Day two started (1650M) with a long slog up hill, and kept going, and going, and going. Eventually we made it to the Cabane de Valsorey hut 3030m. We decided we would push on and make it to the Bivowak situated just above the Plateau du Couloir 3664m. On hind seight this was a bad idea. The boys made good pace up the steep snow slope, where as I just came to a sluggish halt some three quarters of a way up. Lungs heaving, head pounding, stomach wanting to empty itself, completely dehydrated from the heat of the day and struggling to adapt to our epic height gain. Done in. Lucky for me, I have caring friends, who came and dragged my skis and sack up the last part of the dangerously sun baked slope – thanks :)

401265_10200500691592407_1625410738_n 374632_10200500710232873_377039241_n


On top was a wonderful 6 person bivouac, empty and free for us to use. The first few hours were a little hit and miss, with me being a bit of a wetter, throwing up, and generally feeling rotten. But after some mushroom soup, everything sorted itself out, leaving us perched on our high roost to enjoy the most magical sunset.


Day three procceeded as the others had, hard work in blistering sunshine, covering a pretty epic amount of distance with the added perk of ticking off  Pigne d’Arolla 3796m. This time we treated ourselves at the  Cabane des Vignettes, with a hearty meal. Unfortunately thats as far as the treats went. Back out into the cold, more click clacking, for another hour or so, until we reached the top of a welcoming col, flooded with moon light and glorious night time views.


5am could not come round fast enough. Tom had doug himself a snow grave where he layed shivering in his Bivvy bag. Where as Mike and I uncomfortably spooned in the tight constraints of his single skin tent. Each time one of us would roll over, an icy draught would sweep under the one sleeping bag that draped over us, matters only made worse by my limp holed thermarest.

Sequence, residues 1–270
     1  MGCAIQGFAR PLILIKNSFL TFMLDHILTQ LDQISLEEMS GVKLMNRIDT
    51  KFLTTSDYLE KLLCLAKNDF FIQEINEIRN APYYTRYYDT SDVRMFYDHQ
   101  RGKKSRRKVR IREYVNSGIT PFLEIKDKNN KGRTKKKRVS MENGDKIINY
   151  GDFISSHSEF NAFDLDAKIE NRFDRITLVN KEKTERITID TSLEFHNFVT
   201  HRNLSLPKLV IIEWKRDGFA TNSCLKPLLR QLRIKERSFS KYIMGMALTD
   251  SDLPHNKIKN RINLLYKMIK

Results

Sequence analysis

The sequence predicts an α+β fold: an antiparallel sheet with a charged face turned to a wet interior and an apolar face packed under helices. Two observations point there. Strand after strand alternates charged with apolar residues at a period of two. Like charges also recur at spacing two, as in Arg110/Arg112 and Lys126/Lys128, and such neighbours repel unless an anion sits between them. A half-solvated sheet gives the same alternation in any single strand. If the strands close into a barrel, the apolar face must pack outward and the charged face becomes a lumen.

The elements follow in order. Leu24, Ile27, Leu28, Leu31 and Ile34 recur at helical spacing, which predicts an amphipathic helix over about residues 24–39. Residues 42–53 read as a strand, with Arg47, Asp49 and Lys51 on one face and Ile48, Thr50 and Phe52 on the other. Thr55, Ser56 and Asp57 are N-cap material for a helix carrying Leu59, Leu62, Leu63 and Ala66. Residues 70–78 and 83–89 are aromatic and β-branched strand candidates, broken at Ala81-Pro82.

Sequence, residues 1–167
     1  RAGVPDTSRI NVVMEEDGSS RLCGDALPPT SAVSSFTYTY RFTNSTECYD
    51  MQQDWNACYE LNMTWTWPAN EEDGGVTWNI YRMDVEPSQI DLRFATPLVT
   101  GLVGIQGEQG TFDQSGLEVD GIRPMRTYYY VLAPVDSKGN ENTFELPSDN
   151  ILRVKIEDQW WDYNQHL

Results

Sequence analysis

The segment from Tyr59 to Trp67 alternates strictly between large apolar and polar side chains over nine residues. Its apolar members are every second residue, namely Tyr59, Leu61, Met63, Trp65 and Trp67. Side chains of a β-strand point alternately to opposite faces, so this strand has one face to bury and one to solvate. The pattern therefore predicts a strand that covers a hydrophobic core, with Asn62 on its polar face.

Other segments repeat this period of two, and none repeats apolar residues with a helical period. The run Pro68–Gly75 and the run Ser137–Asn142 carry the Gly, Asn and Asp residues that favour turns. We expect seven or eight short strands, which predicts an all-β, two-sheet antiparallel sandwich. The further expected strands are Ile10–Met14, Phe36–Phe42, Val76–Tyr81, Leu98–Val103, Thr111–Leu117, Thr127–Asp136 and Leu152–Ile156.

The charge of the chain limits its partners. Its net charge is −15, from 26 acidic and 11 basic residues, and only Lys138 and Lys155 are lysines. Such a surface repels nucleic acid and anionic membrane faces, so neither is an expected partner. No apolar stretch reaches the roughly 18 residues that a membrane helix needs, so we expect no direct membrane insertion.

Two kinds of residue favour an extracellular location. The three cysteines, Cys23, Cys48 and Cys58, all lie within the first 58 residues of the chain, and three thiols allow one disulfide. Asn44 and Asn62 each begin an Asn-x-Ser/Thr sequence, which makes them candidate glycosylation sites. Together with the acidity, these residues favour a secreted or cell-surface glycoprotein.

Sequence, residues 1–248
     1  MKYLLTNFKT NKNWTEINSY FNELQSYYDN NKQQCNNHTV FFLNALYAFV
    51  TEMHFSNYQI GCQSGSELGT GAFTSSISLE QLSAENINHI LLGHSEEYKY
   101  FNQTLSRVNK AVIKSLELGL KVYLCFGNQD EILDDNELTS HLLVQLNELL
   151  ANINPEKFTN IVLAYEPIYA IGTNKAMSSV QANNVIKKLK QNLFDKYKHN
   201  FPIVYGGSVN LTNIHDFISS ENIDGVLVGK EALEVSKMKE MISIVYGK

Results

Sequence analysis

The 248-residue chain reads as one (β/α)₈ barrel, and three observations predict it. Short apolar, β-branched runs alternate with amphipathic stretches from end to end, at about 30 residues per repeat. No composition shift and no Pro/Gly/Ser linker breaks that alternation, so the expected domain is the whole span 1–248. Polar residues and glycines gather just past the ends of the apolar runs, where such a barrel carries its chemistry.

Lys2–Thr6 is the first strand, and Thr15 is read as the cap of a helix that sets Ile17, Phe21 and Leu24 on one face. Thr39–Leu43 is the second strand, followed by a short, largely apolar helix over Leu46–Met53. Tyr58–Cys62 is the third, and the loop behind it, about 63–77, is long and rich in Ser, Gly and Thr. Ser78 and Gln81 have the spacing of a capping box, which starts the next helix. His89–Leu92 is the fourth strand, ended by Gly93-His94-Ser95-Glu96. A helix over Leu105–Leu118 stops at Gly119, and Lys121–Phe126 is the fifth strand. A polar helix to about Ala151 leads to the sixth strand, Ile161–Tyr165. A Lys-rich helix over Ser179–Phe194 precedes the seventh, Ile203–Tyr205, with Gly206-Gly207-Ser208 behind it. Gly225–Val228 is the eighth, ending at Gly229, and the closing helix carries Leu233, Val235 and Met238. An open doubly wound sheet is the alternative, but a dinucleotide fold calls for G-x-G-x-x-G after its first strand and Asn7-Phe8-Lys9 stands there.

Tent packed away, bags on, we were all set for our last day. With only Two cols left, the up hill part of the day was soon done, leaving us to enjoy the epic down hill section back to Zermatt, treated with great snow conditions, it could not have been a better end to the trip.


All in all we spent €100 each, this also included our transport back to Chamonix, (Tom manned up for an epic hitch back to collect the car) A great adventure!

A small price to pay:



Voss – what a wonderful town. Very pretty, filled with great people and surrounded by so many rivers, sounds like paradise ey!

I’ve been here for five weeks and have been pretty full on with work. However thats not really a problem when you are hosting peoples holidays on the majestic Fjords of Norway.I am ‘working’ as a sea kayak guide for Nordic Venture, we run one, two and three day trips, mainly on the dramatic Nærøyfjord.


The three day trip includes a long hike through scenic valleys and old farm land. At the top (1200m) we are rewarded with stretched out panoramic views over the Nærøyfjord and surrounding area. Its really quite the view!

Outside of work I have been taking advantage of the never ending day light, enjoying some of the world class white water that Voss has to offer. Including a trip down the Myrkdalen. They don’t make em like that in the UK! This river is steep steep steep.

Mike Abbott – Above

Jim – Above

Mark Basso – Above

My self on holy diver – nice!

Euro Trip

Jakub Sedivy and myself took a fun trip around Europe this spring. We started off in Czech, drove north in to Poland and then headed south via Germany, Austria, Switzerland and Italy. The water levels vairied, and were a little on the low side around Italy and Switzerland but we still had a great trip. Here is a little video:


Road trip

Last year we made a small road trip to the delights of  the pass of Ballater, a great crag filled many mega routes! After a day of climbing we headed East to the Aberdeen coast. I bought my camera along, and managed to snap a few good images.